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Engineered Picornavirus VPg-RNA Substrates: Analysis of a Tyrosyl-RNA Phosphodiesterase Activity

Creative Commons 'BY' version 4.0 license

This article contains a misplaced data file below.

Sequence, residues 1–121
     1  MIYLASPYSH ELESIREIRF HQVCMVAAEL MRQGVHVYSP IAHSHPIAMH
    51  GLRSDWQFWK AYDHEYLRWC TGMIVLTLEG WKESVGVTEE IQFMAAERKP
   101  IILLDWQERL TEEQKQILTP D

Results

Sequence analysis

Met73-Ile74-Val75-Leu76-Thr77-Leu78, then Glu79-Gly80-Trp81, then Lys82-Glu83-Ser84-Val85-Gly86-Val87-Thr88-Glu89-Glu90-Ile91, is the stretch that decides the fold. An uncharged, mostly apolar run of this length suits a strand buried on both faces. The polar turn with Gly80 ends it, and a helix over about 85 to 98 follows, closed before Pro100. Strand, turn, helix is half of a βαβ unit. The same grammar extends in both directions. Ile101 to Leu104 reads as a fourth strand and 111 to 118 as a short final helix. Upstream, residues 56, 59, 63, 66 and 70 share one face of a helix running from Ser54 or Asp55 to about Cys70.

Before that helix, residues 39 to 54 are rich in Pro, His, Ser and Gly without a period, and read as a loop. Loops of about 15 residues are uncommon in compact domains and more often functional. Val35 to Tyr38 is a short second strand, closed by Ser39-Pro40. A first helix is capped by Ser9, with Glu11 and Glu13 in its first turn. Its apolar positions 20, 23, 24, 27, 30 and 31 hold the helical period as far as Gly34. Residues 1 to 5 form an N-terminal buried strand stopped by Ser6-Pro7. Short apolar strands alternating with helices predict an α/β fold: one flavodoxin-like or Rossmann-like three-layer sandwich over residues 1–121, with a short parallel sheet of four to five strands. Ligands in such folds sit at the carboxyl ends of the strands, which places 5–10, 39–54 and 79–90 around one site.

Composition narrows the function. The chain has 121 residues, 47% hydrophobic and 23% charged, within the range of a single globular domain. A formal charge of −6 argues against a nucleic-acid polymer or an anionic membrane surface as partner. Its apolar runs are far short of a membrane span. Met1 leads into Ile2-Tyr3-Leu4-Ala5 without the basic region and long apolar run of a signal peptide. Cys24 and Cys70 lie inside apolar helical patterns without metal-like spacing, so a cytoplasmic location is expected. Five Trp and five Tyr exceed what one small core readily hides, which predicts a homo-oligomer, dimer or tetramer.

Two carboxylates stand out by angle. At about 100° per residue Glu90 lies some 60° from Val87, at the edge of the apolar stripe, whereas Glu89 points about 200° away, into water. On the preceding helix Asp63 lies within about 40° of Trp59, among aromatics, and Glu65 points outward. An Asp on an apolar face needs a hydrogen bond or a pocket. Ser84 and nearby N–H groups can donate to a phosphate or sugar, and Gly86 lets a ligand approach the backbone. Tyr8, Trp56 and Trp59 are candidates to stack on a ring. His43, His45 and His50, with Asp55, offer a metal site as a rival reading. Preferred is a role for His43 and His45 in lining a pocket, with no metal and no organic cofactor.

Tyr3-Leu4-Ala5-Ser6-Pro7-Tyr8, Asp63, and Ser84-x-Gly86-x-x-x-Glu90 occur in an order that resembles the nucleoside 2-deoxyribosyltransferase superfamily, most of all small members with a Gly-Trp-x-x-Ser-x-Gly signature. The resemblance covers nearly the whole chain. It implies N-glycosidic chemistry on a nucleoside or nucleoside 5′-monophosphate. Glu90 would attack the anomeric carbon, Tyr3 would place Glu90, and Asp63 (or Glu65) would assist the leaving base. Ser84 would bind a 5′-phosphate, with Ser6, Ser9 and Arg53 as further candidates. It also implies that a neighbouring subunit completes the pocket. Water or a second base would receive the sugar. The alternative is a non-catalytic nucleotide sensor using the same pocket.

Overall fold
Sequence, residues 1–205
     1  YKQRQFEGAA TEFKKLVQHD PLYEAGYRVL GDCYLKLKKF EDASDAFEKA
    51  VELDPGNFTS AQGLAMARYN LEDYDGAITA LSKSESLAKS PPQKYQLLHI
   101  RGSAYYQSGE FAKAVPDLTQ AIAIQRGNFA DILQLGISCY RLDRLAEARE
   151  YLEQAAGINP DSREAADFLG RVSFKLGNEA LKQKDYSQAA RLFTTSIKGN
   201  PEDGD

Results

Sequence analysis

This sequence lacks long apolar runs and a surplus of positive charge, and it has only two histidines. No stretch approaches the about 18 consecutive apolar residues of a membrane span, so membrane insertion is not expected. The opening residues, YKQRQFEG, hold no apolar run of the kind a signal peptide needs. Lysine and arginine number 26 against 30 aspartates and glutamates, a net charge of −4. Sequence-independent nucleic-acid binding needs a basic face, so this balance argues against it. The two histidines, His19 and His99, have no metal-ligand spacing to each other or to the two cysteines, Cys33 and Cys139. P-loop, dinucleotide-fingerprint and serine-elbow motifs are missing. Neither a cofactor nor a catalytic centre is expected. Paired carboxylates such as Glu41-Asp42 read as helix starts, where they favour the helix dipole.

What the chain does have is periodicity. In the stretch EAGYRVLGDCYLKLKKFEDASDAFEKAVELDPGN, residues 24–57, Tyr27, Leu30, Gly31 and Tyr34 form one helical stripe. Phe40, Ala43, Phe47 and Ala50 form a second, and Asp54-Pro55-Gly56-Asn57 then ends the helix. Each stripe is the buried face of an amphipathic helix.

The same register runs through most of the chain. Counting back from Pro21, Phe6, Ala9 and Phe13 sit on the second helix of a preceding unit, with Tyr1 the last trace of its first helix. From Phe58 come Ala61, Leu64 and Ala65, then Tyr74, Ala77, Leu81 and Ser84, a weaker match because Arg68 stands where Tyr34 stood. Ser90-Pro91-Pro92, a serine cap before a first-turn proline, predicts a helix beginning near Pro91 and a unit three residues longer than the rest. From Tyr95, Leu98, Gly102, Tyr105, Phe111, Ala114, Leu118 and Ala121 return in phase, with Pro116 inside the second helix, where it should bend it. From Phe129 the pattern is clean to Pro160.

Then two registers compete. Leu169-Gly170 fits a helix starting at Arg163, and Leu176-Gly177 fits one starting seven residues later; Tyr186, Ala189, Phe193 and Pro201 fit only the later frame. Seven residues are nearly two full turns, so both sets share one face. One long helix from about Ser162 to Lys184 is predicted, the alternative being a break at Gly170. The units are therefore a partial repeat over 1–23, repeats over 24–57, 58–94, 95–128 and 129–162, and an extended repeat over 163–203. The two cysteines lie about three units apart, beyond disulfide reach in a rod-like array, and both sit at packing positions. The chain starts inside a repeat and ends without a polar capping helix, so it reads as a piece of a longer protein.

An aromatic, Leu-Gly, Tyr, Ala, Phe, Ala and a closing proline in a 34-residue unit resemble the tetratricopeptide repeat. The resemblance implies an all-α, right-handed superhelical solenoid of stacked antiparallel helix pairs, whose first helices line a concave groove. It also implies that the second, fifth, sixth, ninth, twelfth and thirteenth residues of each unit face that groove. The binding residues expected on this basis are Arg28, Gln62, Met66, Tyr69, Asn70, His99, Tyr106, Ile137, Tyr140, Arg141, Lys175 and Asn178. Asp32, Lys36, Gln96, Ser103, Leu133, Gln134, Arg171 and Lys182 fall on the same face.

Using poliovirus, the prototypic member of Picornaviridae, we have further characterized a host cell enzymatic activity found in uninfected cells, termed “unlinkase,” that recognizes and cleaves the unique 5′ tyrosyl-RNA phosphodiester bond found at the 5′ end of picornavirus virion RNAs. This bond connects VPg, a viral-encoded protein primer essential for RNA replication, to the viral RNA; it is cleaved from virion RNA prior to its engaging in protein synthesis as mRNA. Due to VPg retention on nascent RNA strands and replication templates, but not on viral mRNA, we hypothesize that picornaviruses utilize unlinkase activity as a means of controlling the ratio of viral RNAs that are translated versus those that either serve as RNA replication templates or are encapsidated. To test our hypothesis and further characterize this enzyme, we have developed a novel assay to detect unlinkase activity. We demonstrate that unlinkase activity can be detected using this assay, that this unique activity remains unchanged over the course of a poliovirus infection in HeLa cells, and that unlinkase activity is unaffected by the presence of exogenous VPg or anti-VPg antibodies. Furthermore, we have determined that unlinkase recognizes and cleaves a human rhinovirus-poliovirus chimeric substrate with the same efficiency as the poliovirus substrate.

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